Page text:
The machine seems to have a maximum speed at which it can proceed through time – the lever can only be pushed so far. But there is no known limit to the maximum amount of time it can go forward or backward. The Traveller proceeded 30 million years into the future (48 APs of time) before deciding to turn back on his first trip.



The Traveller’s life up until the invention of his time machine is largely undetailed. What little is mentioned suggests a fairly ordinary life for a man of his talents. He was well known as a capable inventor and enjoyed the social company of colleagues in various other scientific fields quite regularly.

Given his demonstrations of great intellect, the Traveller’s unusual theories about mathematics and physics were seen as eccentricities rather than as objects of great scorn or derision.

It was the application these theories that first brought the Traveller to greater attention. One day he summoned a group of friends to his house and explained to them his theories of time as a fourth dimension contiguous with the three known dimensions of space. Moreover, he had designed a mechanical device that could exploit these theories to travel through time.

He demonstrated with a miniature device that disappeared when activated. It was moving through time at such a high rate of speed that it could no longer be seen or detected in any other way. His friends dismissed this as some bizarre trick on the Traveller’s part, despite their inability to work out the mechanics of this illusion.

A foray

A week later, the Traveller’s colleagues met at his house again for dinner, finding a note asking them to start without him if he had not appeared by seven PM. The servants provided dinner at the appropriate time and as the group was eating, the Traveller stumbled into the dining room, greatly dishevelled.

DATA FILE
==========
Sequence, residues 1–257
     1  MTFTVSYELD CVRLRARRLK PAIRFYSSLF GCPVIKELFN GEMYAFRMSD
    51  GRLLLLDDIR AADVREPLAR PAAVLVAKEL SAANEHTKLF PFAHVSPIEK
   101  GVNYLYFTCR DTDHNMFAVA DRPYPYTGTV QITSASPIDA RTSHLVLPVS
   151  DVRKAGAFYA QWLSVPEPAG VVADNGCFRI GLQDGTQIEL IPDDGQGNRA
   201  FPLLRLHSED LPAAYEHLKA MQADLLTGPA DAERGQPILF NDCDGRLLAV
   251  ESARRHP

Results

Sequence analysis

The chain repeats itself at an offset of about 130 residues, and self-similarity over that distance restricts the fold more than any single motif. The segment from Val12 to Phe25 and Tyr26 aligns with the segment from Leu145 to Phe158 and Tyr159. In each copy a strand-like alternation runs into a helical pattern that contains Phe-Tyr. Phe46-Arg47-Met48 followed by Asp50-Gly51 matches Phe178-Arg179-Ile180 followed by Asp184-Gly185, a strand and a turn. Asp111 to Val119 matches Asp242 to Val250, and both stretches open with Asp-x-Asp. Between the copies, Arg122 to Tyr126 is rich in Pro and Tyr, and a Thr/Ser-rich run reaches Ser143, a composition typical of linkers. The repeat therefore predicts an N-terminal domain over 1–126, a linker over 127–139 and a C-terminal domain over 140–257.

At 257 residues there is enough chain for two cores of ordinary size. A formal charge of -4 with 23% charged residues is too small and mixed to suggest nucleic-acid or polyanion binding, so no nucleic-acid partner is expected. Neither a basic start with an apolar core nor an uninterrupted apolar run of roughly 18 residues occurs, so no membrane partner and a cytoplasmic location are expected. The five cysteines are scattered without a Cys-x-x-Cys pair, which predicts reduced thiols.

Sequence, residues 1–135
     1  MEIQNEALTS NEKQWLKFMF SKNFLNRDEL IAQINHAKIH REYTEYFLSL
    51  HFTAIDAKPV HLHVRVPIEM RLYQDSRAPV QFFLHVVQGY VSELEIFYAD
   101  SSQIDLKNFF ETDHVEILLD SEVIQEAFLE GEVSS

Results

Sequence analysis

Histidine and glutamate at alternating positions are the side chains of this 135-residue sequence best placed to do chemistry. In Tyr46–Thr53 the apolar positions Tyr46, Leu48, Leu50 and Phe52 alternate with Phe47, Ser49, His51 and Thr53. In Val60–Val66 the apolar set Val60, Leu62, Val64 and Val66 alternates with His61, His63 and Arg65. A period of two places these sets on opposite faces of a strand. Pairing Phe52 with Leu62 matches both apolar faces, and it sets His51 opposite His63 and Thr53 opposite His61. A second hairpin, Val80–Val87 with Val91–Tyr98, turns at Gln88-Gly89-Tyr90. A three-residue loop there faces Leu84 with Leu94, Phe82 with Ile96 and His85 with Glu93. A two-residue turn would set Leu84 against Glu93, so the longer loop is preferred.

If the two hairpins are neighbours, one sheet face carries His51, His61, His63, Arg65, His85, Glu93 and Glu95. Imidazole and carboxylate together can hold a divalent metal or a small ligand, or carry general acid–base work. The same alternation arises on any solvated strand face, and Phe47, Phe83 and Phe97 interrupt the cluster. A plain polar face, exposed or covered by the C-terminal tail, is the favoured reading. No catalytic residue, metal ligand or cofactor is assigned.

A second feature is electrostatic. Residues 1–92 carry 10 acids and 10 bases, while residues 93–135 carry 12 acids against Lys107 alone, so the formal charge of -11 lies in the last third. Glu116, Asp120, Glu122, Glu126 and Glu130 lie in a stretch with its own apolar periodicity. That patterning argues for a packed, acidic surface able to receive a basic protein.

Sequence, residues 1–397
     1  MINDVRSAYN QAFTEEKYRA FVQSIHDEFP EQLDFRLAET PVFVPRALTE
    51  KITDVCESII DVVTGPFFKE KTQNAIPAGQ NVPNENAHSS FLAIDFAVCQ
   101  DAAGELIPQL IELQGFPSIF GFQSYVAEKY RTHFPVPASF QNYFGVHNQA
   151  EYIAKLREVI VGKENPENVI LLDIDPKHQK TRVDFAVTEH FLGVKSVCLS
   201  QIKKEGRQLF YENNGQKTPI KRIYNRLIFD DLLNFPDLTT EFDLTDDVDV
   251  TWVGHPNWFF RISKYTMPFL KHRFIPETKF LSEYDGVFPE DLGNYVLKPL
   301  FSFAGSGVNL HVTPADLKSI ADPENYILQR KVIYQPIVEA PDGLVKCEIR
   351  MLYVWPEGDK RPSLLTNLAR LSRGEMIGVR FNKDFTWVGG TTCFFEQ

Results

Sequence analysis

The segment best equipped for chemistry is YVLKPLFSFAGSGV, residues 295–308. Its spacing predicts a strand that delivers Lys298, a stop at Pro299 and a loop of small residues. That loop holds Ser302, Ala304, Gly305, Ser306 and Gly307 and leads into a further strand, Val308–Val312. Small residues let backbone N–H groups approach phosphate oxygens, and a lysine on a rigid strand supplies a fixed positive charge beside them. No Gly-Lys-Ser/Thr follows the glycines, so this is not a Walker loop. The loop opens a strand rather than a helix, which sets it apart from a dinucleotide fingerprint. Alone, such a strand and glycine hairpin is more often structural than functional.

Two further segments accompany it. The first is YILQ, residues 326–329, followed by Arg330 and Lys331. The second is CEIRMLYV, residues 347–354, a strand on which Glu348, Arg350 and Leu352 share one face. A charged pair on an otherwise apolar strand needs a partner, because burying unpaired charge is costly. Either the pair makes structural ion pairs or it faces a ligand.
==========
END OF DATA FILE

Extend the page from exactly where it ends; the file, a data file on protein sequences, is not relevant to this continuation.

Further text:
After eating dinner and cleaning himself, the Traveller retired to the smoking room and regaled his friends with his successful trip through time. Having completed the full size version of the time machine that morning, the Traveller had set out into the future, going forward to the year 802,701 AD.

There he encountered two groups, the simple-minded elfin Eloi who lived above ground and the subterranean brutish Morlocks.

After developing a variety of theories, the Traveller thought the strongest explanation for the state of affairs in that era was a progression of the gap between Capitalists and Labourers. “So, in the end, above ground you must have the Haves, pursuing pleasure and comfort and beauty, and below ground the Have Nots; the Workers getting continually adapted to the conditions of their labour.”

Apparently, The Eloi had dwindled in size, strength and intelligence. That presumably was because the “too-perfect security” of their existence protected them from any significant adversity. In turn, the Morlocks helped to maintain the Eloi by providing necessary materials from the ancient machines in exchange for occasionally feeding on the Eloi like livestock.

An incident